Small Family Farm CSA

We Dig Vegetables

 

September Twenty-Fifth

The farm is falling down.  With each gust of wind, each cool night, and each shortening day.  The plants know that their time is limited and are all giving their last surge toward making seed to propagate their species, sending down roots deeper in the softened soil, and ripening their fruits and seeds as efficiently as they can to ensure the legacy of their kind. Week_17This week's bounty!

I believe that we live in one of the most beautiful places on earth.  The fall colors bring our hillsides to life and glorify our forests.  The scenery is so spectacular that people come from near and far to witness this short-termed phenomenon.  The colors enliven our experience of fall and make us all want to pick a pumpkin, drink a mug of warm, mulled cider and put on a wool sweater for a walk down a country road.  The weather is fine folks, c’mon out and see! 

The vegetable fields are slowing.  As we near our final few weeks of Summer Share deliveries we see the tremendous amount of work that still needs to get done on the farm.  We see several beds of potatoes, carrots, beets, parsnips and sweet potatoes that still need harvesting before the ground freezes.  We have black plastic that needs to get pulled out of the fields and trellising that needs to get taken down.  We will still be hard at work in the fields for a good month even after CSA deliveries have ended.

The cool breeze and the red leaves are a welcome sensory experience for a tired farmers body.  We have been tapping into our energy reserves each morning that we rise, reminding ourselves that we DO love our work.  We are thankful that the sky is dark by 7:30pm and that we cannot squeeze another hours work into the day.  The family is gaining focus and the couch is looking quite comfortable.  Hooray for Fall! 

Sooo, What's in the Box???

Butternut Squash-  This hard winter squash is amung the favorites by squash lovers.  Cut your butternut in half lengthwise, scoop the seeds out and bake it face down in a pan with a little water for about an hour.  When it's done cooking add plenty of butter and enjoy!  Will keep on your counter for a few months.  

Red Potaotes-  Freshly dug on Monday morning, these new red potatoes look quite nice.  Despite a generally poor potato harvest on our farm this year, they keep coming steady and strong.  

Carrots-  Another nice bag of carrots for your everyday use.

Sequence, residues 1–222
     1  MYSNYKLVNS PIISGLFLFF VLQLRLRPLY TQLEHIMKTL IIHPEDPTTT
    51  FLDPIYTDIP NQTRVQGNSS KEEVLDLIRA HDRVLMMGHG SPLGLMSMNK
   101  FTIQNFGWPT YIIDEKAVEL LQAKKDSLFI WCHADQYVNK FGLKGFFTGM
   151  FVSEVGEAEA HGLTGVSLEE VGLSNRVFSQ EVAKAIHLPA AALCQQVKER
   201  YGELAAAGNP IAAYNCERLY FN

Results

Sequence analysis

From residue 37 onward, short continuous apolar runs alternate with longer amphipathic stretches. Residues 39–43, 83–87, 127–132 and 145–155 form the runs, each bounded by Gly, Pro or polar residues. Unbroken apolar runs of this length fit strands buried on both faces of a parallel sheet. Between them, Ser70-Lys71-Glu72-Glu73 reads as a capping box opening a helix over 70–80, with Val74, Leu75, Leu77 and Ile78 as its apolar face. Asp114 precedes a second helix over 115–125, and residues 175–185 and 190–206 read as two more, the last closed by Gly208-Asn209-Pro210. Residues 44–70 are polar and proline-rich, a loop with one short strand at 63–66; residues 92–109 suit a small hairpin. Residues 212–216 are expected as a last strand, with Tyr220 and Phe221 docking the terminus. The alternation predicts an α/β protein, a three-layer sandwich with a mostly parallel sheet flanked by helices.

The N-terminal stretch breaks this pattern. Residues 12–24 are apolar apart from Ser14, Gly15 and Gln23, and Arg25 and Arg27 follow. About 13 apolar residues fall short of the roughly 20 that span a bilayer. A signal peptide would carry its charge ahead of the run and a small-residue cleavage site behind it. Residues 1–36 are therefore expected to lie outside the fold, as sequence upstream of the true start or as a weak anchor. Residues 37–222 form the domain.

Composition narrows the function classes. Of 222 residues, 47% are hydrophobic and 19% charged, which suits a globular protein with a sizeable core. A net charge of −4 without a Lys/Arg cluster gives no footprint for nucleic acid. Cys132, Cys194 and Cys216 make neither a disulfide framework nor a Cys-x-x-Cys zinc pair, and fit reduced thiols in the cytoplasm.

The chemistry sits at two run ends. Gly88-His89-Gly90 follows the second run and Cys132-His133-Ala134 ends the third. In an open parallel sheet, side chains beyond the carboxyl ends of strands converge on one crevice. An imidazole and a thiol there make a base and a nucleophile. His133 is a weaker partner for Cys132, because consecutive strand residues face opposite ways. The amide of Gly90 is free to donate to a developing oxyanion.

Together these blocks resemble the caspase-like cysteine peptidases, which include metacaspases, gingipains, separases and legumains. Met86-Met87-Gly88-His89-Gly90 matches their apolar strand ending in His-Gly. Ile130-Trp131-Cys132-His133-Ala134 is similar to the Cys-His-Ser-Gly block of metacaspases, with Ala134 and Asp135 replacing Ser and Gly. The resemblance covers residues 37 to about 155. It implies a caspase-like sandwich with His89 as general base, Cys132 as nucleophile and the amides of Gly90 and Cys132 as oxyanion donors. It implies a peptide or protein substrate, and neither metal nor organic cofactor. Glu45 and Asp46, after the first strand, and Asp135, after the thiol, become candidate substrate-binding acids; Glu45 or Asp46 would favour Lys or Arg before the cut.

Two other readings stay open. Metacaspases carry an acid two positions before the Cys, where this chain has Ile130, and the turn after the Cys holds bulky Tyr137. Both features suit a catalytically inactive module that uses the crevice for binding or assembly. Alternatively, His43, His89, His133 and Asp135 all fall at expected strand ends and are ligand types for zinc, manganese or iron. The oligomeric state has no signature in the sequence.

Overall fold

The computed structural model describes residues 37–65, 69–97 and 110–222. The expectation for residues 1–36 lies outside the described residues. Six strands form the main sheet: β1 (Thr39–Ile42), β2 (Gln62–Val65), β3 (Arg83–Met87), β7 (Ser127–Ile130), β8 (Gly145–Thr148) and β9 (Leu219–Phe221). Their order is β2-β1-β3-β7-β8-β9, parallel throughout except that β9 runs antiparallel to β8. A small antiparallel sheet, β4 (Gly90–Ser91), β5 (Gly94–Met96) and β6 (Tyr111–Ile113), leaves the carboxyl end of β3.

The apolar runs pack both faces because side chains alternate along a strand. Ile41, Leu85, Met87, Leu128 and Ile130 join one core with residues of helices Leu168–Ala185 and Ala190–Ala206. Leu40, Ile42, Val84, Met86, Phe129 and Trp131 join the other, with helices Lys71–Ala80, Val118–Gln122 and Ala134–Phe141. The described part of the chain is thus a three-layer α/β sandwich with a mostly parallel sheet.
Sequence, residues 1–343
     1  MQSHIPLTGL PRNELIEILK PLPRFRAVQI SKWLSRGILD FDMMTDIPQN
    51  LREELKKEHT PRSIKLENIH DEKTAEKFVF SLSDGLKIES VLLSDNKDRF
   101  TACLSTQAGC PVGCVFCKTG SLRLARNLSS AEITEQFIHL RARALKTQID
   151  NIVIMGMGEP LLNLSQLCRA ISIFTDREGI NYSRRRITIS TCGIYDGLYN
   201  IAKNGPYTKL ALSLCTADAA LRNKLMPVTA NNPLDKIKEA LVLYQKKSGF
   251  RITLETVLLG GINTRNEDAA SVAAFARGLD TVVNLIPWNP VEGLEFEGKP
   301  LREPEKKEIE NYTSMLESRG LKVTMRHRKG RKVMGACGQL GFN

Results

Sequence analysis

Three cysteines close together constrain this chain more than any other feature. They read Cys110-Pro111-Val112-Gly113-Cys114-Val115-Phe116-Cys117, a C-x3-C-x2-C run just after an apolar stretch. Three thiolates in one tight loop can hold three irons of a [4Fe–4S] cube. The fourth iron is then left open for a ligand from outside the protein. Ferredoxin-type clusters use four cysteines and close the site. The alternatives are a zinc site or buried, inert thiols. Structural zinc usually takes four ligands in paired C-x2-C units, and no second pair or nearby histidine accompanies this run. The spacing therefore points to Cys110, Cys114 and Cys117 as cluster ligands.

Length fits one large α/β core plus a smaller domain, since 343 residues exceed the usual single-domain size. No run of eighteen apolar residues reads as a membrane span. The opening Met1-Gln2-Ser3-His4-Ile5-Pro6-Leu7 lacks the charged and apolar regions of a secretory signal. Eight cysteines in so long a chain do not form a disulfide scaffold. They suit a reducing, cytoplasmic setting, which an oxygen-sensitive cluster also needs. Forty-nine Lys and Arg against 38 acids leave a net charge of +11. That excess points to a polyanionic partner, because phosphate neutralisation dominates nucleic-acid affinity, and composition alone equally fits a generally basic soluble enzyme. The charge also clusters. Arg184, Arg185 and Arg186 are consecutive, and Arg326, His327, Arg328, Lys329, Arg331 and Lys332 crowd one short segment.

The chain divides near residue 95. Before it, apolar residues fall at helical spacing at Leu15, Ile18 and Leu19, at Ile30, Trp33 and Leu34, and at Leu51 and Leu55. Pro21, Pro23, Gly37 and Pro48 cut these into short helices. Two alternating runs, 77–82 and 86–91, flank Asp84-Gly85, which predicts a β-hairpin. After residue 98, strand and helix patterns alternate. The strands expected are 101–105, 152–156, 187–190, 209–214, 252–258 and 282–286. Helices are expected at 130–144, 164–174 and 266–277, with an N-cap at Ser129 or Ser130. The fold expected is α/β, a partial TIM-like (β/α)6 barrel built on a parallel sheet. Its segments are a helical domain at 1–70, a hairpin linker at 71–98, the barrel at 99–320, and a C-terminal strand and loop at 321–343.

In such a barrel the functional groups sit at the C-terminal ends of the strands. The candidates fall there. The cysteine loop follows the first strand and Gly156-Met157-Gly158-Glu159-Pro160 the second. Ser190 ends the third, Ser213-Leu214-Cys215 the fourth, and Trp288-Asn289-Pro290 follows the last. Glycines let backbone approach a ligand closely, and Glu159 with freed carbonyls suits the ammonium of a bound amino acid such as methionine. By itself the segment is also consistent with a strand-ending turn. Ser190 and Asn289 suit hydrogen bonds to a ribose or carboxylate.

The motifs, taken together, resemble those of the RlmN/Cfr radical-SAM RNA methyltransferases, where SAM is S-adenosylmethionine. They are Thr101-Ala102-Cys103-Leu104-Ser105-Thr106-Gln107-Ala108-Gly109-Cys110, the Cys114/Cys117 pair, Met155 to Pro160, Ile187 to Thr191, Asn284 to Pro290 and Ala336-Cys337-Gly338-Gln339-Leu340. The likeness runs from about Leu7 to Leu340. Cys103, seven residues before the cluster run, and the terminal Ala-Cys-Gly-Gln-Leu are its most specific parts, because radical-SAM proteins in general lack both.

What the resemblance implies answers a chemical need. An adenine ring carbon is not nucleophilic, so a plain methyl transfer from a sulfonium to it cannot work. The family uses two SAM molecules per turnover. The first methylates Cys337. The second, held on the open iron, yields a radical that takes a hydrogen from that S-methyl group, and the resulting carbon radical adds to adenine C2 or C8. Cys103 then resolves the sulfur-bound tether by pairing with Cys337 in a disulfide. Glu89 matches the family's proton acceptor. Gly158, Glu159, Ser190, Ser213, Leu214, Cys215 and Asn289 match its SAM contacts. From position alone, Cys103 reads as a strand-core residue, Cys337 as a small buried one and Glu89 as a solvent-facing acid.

Mixed Tomatoes-  Still an impressive amount of tomatoes coming from the garden.  They're really slowing down now, so we can expect a smaller giving of tomatoes next week.  Remember to allow them to ripen outside of refrigeration before you transfer them to the fridge.  You could just cut up your ripe tomatoes and freeze them if you're not up for the canning experience.  

White Onion-  Another nice oinon for your everyday use.  

Eggplant-  I promise you, this is the final week of eggplant.  Some will be happy, some will be sad.  Now we have to wait another 10 monthes before we can eat fresh, local eggplant again.  Hope you got your fill!  

Celeriac Root-  The most unusual item in the box this week.  Celeriac roots are specially cultivated so that the root of the celery plant grows into a nice sized bulb instead of the stalks.  Usually we like to give them with their tops on so that you can use their celery-looking tops in cooking, but this year they were browning too much and we elected to just chop them off.  Peel your celeriac root with a pearing knive and boil and mash it with poatoes for a celeriac mashed potato dish (see recipe below).  Once cooked it has a potato consistency, but a celery flavor with less starch than a potato.  It can also be grated raw into a slaw, or grated with potatoes for a celeriac hash brown recipe.  

Leeks-  Leeks are definately a sign of fall.  We started these little buggers from seed in February and watered and transplanted and weeded and weeded and weeded them.  Alas, Whalla!  Here they are on your dinner table.  Use leeks like an onion or feature their flavor in a potato-leek soup.  marketOur booth at the Madison Farmer's Market on the Square. Come out and see us on Satruday morning!

Sweet Pepper Mix-  Still an outstanding 7 peppers per member this week.  We de-seeded and cut up and froze several bags of peppers for the winter.  Use them in January to top your pizzas, make fajitas or to bake in a quiche.  

Green Curly Kale-  A nice bunch of kale to add a little greens to your diet.  Kale can be re-hydrated and made perky again if you trim their stems and soak them in water for 10 minutes.  They should perk up and look like they've just been picked.  

Recipes

Mashed Potatoes with Celeriac Root

Potato Leek Soup with Celeriac

Coconut Curry Butternut Squash